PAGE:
can be pushed. When Orla O'Loughlin read the first draft of the play,
she said she liked it, but she told me to put a bomb under it, and
that's what I've done.”

The Devil Masters, Traverse Theatre, Edinburgh, December 6-24.
www.traverse.co.uk


Iain Finlay Macleod - A Writer's Life


Iain Finlay Macleod was born on Lewis in 1973.
He was encouraged to write at a young age by his uncle, Dr Finlay
Macleod, a dramatist and writer of children's books. His first
experience of making theatre came at the National Gaelic Youth Theatre
in the early 1990s.
In 1994 Macleod attended The International School for Writers, Actors
and Directors at the Royal Court Theatre, London, and began submitting
work to the Traverse Theatre, Edinburgh.

For the Traverse, as well as The Devil Masters, Macleod has written The
Pearlfisher, I Was a Beautiful Day, Homers and Broke, a version of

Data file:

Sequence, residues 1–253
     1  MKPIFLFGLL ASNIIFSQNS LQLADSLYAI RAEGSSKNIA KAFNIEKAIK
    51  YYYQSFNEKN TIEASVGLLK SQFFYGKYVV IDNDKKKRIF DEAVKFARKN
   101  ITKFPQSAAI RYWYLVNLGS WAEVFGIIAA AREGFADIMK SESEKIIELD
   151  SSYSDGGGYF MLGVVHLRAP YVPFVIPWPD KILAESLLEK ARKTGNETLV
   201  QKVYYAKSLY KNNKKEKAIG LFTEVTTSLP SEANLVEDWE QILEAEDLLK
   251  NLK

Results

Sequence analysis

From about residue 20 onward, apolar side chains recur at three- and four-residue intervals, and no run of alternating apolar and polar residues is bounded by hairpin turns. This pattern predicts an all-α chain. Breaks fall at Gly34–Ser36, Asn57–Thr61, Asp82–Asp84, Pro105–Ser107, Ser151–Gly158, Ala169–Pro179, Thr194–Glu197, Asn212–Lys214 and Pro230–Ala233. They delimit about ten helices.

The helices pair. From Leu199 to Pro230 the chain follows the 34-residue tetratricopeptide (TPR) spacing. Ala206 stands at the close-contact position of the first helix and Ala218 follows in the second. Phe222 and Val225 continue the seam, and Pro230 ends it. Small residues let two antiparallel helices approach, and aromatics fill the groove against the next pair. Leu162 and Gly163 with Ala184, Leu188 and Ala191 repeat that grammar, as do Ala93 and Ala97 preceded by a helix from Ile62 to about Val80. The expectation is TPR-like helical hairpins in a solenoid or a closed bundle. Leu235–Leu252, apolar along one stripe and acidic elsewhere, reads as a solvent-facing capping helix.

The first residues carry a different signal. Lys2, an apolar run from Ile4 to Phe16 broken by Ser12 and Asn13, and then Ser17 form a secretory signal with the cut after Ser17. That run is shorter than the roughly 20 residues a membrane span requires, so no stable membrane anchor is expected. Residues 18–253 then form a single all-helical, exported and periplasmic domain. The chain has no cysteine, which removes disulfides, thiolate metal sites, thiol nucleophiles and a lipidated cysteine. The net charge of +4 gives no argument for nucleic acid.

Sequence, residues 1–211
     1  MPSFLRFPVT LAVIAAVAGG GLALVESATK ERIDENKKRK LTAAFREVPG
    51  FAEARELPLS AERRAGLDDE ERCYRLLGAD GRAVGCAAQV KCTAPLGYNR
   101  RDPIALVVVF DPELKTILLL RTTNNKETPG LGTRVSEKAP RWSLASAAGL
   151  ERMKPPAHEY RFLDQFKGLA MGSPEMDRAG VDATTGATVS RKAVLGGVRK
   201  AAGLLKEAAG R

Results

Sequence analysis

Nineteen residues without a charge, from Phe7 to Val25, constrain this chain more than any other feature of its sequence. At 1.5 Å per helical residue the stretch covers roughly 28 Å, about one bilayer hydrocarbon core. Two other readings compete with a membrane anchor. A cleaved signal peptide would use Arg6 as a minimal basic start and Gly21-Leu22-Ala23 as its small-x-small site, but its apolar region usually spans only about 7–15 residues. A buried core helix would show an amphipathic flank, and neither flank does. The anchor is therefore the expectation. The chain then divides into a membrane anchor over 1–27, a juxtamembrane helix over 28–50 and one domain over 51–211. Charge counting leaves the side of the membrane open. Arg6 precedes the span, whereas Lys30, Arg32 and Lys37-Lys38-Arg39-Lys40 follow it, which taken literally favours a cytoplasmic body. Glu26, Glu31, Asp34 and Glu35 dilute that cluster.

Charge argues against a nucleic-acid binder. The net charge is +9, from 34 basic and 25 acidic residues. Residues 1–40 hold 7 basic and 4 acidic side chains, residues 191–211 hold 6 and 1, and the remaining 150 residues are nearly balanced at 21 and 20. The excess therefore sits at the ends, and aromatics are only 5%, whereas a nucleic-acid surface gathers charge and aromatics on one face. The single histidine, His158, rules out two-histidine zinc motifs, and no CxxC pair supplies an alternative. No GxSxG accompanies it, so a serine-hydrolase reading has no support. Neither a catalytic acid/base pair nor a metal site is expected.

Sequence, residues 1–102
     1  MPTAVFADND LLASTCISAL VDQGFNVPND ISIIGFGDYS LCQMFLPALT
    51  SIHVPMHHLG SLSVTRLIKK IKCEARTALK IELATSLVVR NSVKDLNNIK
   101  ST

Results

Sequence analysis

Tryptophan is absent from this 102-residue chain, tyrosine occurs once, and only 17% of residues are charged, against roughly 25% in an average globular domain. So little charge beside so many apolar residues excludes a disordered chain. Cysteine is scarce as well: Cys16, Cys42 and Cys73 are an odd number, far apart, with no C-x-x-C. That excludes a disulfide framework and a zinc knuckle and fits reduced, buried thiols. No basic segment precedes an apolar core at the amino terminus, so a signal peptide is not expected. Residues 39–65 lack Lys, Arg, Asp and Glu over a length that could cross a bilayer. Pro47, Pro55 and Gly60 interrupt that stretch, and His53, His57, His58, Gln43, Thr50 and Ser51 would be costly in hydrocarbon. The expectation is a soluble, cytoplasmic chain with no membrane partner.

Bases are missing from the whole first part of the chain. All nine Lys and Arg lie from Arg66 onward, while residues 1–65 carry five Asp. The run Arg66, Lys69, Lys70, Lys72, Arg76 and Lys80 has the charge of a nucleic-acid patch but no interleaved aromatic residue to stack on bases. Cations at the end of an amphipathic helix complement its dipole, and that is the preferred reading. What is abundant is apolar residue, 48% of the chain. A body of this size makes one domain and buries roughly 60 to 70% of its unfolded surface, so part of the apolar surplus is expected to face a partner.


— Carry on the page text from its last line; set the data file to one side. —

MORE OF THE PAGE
David Lescot's Un homme en Faillite.

Macleod has written more than fifty dramatic works for radio, theatre,
television and film, and his work has been shown in America, Germany
and France.

Other plays include Somersaults for the National Theatre of Scotland
and St. Kilda - The Opera, which was performed in five European
countries simultaneously in four languages.

Macleod was Associate Playwright for two years (2007-2009) with
Playwrights’ Studio Scotland and Writer-in-Residence at Sabhal Mor
Ostaig for two years.

Macleod was awarded the Robert Louis Stevenson Fellowship in 2009, and 
is currently Associate Artist (Gaelic) with the National Theatre of
Scotland.

The Devil Masters was written when Macleod was the IASH Edinburgh
University/Traverse Theatre Fellow in 2013, based at the Institute of
Advanced Studies for the Humanities at Edinburgh University.

The Herald, December 9th 2014


ends